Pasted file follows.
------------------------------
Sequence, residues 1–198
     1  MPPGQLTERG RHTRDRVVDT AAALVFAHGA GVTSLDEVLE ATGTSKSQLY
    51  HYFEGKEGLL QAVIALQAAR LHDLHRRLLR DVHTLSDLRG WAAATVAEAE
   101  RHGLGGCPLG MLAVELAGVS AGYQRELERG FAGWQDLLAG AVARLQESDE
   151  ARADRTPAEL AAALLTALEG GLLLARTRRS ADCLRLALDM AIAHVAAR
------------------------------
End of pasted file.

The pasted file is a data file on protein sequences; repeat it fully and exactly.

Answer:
Sequence, residues 1–198
     1  MPPGQLTERG RHTRDRVVDT AAALVFAHGA GVTSLDEVLE ATGTSKSQLY
    51  HYFEGKEGLL QAVIALQAAR LHDLHRRLLR DVHTLSDLRG WAAATVAEAE
   101  RHGLGGCPLG MLAVELAGVS AGYQRELERG FAGWQDLLAG AVARLQESDE
   151  ARADRTPAEL AAALLTALEG GLLLARTRRS ADCLRLALDM AIAHVAAR